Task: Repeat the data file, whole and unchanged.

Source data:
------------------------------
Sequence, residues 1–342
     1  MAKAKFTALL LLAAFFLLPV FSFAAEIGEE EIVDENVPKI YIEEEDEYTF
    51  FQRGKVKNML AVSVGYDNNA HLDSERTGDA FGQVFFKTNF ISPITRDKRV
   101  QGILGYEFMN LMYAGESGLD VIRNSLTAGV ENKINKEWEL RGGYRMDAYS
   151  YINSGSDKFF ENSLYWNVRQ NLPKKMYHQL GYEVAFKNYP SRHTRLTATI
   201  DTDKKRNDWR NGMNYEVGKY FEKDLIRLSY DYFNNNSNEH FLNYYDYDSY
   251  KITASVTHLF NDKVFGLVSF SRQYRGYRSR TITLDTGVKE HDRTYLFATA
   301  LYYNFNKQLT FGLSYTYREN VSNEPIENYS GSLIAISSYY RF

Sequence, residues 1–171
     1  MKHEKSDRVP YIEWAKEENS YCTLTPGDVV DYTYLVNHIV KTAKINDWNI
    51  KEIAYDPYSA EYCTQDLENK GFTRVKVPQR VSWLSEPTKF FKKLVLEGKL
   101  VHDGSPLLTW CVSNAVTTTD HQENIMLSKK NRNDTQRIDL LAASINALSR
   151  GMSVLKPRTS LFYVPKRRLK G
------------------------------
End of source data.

Sequence, residues 1–342
     1  MAKAKFTALL LLAAFFLLPV FSFAAEIGEE EIVDENVPKI YIEEEDEYTF
    51  FQRGKVKNML AVSVGYDNNA HLDSERTGDA FGQVFFKTNF ISPITRDKRV
   101  QGILGYEFMN LMYAGESGLD VIRNSLTAGV ENKINKEWEL RGGYRMDAYS
   151  YINSGSDKFF ENSLYWNVRQ NLPKKMYHQL GYEVAFKNYP SRHTRLTATI
   201  DTDKKRNDWR NGMNYEVGKY FEKDLIRLSY DYFNNNSNEH FLNYYDYDSY
   251  KITASVTHLF NDKVFGLVSF SRQYRGYRSR TITLDTGVKE HDRTYLFATA
   301  LYYNFNKQLT FGLSYTYREN VSNEPIENYS GSLIAISSYY RF

Sequence, residues 1–171
     1  MKHEKSDRVP YIEWAKEENS YCTLTPGDVV DYTYLVNHIV KTAKINDWNI
    51  KEIAYDPYSA EYCTQDLENK GFTRVKVPQR VSWLSEPTKF FKKLVLEGKL
   101  VHDGSPLLTW CVSNAVTTTD HQENIMLSKK NRNDTQRIDL LAASINALSR
   151  GMSVLKPRTS LFYVPKRRLK G